Take the 2-minute tour ×
Mathematics Stack Exchange is a question and answer site for people studying math at any level and professionals in related fields. It's 100% free, no registration required.

I'm trying to solve the differential equation $$L[y] = y^{(5)} + 2y^{(3)} + y' = 2x + \sin(x) + \cos(x)$$ using the method of undetermined coefficients. I'm having a problem in that my solution differs from that given, and I am trying to find out why. First we note that the characteristic equation is $$r^5 + 2r^3 + 1 = r(r^2 + 1)^2$$ whose roots are $0$ and $\pm i$ twice.

So the complementary function to the homogeneous case $L[y]=0$ is $$C_0 + C_1 e^{ix} + C_2 e^{-ix} + C_3 x e^{ix} + C_4 x e^{-ix}.$$

Now to tackle the particular solution. So I thought if I solve the differential equation for each of the terms of the right hand side, namely Solve $L[y]=2x$, $L[y] = \sin x$ and $L[y] = \cos x$ then add them up, I will get a particular solution.

The first involving a linear function is easy, $y_p$ for that just works out as $x^2$.

However for the other two involving trigonometric functions, I try and solve $L[y] = e^{ix}$ and take the imaginary and real parts respectively for $L[y]=\sin x$ and $L[y]=\cos x$.

Now as my R.H.S. is $e^{ix}$ which is already contained in the complementary function, I make the ansatz that my $y_p$ should be of the form $Bx^2 e^{ix}$.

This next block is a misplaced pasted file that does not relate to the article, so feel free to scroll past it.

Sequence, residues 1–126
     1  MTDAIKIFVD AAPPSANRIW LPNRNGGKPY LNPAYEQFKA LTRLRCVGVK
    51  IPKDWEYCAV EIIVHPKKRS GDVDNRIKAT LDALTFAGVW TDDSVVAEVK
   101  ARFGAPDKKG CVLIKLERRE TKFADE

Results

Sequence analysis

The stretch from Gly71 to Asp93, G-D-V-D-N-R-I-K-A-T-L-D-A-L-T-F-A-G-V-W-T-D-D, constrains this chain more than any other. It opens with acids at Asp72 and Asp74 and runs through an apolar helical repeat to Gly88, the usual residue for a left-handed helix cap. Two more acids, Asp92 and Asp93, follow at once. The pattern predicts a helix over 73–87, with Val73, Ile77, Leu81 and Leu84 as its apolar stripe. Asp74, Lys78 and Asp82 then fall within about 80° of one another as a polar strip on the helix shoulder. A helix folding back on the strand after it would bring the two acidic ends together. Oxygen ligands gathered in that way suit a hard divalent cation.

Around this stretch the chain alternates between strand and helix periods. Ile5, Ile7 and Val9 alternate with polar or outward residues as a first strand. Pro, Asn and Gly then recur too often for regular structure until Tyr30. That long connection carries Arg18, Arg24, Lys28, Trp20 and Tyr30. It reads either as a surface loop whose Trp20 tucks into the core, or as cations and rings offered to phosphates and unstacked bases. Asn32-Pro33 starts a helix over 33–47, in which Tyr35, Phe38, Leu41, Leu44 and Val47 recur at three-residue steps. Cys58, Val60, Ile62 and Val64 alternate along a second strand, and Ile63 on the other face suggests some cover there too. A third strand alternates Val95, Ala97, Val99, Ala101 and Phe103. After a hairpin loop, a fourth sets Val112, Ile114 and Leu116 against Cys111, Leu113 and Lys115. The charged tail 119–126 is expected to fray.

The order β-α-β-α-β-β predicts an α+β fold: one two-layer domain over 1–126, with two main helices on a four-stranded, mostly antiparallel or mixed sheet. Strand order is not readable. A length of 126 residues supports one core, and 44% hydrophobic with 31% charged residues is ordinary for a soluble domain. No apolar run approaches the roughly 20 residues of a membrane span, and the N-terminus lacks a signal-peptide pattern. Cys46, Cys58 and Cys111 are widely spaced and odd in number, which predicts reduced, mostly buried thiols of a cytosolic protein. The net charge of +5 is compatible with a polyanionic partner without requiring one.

So calculating substituting this ansatz for $y_p$ into the differential equation $L[y] = e^{ix}$ and comparing coefficients, I get that $B = \frac{i}{8}$, so that $$y_p = \frac{ie^{ix}}{8}$$ and $$\text{Re}(y_p) = \frac{- \sin x}{8},\qquad \text{Im}(y_p) = \frac{\cos x}{8}.$$

So the full solution to my differential equation $L[y] = 2x + \sin x + \cos x$ is $$y_c + y_p = C_0 + C_1 e^{ix} + C_2 e^{-ix} + C_3 x e^{ix} + C_4 x e^{-ix} + x^2 + \frac{- \sin x}{8} + \frac{\cos x}{8}.$$

But when I check the solution given it says that my cosine and sine terms have to have a $x^2$ term in the front of them. What's wrong, is my initial guess not right?

Ben

share|improve this question
7  
Isn't your $y_p=Bx^2e^{ix}, B=\frac i 8$? then $\sin x$ and $\cos x$ do have $x^2$ in front of them. –  GWu Apr 16 '11 at 1:21
    
@GWu Oh my god I don't believe this how did I make such a bad error!! I must have been blind! Yes certainly $y_p = \frac{i x^2 e^{ix}}{8}$ so the sine and cosine have an $x^2$ in front of them; now how did I miss that???? –  user38268 Apr 16 '11 at 1:48
    
@GWu: you should probably post that as an answer. –  Willie Wong Apr 16 '11 at 17:41
    
you should probably post that as an answer because if you don't, then the sustem will keep reposting this to the front page, hoping for an answer. –  GEdgar Jul 4 '11 at 16:56
    
@GEdgar: It has been a couple months, so I wonder if GWu is going to do it. Maybe you can undelete your answer? –  Willie Wong Jul 4 '11 at 17:17
show 3 more comments

1 Answer 1

up vote 2 down vote accepted

From the comment by GWu:
Your general solution involves $e^{ix}$ and $xe^{ix}$. So if you want the particular solution with $\sin x$ and $\cos x$ (which are disguised forms of $e^{ix}$ and $e^{-ix}$), then you have to try $A x^2\cos x + Bx^2\sin x$

share|improve this answer
add comment

Your Answer

 
discard

By posting your answer, you agree to the privacy policy and terms of service.